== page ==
My advice? Just keep hd6 as a default paging space, even if you have other paging spaces in other volume groups.
AIX Down Under
Some time ago I experimented with removing the default paging space /dev/hd6 from an LPAR and creating a separate volume group for paging space. This worked ... until I had to restore a mksysb backup, as you may recall from this blog post.
Well, what about creating a separate paging space in rootvg instead of in a separate volume group, and then removing hd6? Not exactly sure why you'd do that, but I suppose if you were to create a smaller paging space to replace hd6, in case it's been extended too much, that might be a reason. Whatever your reason for renaming, removing or retiring hd6, if you decide to do it, you should read technote T1010881.
Didn't read it did you? (Or if you did, you probably found it more interesting than coming back here). Well never mind. Here's the key sentence:
"Because certain scripts are currently hard-coded to activate /dev/hd6, it is recommended to create the new paging space under the same name."
If you change the paging space from hd6 to something else, you have to update /sbin/rc.boot which is a script. The thought of editing /sbin/rc.boot horrifies me. It's just inviting trouble. Do changes get retained when you upgrade the OS to a new release? I hope so, but I don't know. Still, if you do decide to edit the rc.boot file, then make sure you follow the instructions in that technote, or you could be risking a mksysb that can't be cloned or at the very least a system that doesn't activate paging space after the next reboot.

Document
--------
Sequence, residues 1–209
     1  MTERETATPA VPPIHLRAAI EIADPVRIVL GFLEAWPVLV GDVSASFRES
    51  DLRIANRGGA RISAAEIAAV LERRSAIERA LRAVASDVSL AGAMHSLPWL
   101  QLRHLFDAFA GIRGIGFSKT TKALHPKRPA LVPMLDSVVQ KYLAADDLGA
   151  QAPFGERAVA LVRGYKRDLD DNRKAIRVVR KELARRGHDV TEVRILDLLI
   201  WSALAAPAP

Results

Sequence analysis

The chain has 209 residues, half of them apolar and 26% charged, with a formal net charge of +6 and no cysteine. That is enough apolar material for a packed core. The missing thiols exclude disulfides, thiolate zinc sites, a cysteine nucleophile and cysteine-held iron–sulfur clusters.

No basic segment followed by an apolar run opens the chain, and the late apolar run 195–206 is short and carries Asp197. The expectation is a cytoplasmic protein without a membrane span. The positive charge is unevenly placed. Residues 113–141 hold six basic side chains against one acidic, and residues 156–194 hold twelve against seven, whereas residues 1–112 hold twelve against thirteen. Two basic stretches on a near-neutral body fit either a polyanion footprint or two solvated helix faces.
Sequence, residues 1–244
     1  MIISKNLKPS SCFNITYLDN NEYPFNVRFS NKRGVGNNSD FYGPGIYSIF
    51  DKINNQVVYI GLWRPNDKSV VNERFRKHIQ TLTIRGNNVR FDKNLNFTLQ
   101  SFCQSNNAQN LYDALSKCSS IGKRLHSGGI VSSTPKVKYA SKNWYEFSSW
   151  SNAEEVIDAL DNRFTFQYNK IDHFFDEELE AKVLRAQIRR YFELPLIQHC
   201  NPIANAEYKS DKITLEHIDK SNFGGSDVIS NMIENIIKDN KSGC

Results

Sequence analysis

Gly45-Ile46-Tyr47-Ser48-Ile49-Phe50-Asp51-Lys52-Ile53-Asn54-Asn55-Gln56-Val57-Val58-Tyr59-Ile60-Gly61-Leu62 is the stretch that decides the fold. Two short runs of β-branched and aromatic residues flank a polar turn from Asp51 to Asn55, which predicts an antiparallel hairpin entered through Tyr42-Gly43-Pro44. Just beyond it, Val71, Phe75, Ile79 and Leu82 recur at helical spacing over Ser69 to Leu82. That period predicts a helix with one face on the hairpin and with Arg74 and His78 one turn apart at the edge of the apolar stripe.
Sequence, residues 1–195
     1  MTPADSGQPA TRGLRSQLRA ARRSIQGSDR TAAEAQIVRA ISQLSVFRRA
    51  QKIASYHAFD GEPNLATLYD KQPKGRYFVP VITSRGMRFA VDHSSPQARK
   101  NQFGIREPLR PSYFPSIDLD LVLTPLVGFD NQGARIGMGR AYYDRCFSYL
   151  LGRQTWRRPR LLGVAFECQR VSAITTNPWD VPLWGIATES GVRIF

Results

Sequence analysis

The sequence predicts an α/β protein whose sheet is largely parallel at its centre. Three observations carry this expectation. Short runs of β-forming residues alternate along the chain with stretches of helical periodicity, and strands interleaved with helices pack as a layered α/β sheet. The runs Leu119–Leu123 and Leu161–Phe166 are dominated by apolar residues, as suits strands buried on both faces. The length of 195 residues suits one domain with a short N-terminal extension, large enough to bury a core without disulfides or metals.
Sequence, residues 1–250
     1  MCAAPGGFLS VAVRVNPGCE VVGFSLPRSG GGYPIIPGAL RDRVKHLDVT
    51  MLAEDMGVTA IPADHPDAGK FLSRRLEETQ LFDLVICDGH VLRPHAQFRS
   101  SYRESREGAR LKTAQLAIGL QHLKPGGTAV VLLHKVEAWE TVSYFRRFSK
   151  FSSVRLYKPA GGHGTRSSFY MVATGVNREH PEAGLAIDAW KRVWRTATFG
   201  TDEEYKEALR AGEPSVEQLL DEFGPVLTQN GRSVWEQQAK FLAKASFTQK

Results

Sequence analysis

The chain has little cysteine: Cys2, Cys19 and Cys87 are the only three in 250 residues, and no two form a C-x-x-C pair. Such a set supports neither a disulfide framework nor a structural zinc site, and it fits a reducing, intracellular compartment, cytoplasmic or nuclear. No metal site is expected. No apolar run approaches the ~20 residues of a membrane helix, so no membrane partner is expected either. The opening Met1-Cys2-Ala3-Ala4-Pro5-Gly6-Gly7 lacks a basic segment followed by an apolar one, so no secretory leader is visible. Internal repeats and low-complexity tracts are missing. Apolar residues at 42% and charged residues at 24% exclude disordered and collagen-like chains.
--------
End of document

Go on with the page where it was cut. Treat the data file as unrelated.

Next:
My advice? Just keep hd6 as a default paging space, even if you have other paging spaces in other volume groups.
If you're still keen on resizing or relocating the hd6 paging space, see this document.
AnthonyEnglish 270000RKFN Marcações:  logical_volume_manager exportvg umount mount lvm varyoffvg 2 Comentários 22.994 Visualizações
One of the great strengths of AIX is the Logical Volume Manager (LVM). It may not be completely foolproof, but it does provide quite a lot of protection from administrator errors.
Here are a few common LVM tasks that I've deliberately attempted to make a mess of. See how the LVM reacts
(Don't Try This at Home)
Let's start with three Physical Volumes. rootvg has one PV (booting from SAN) and datavg has two PVs.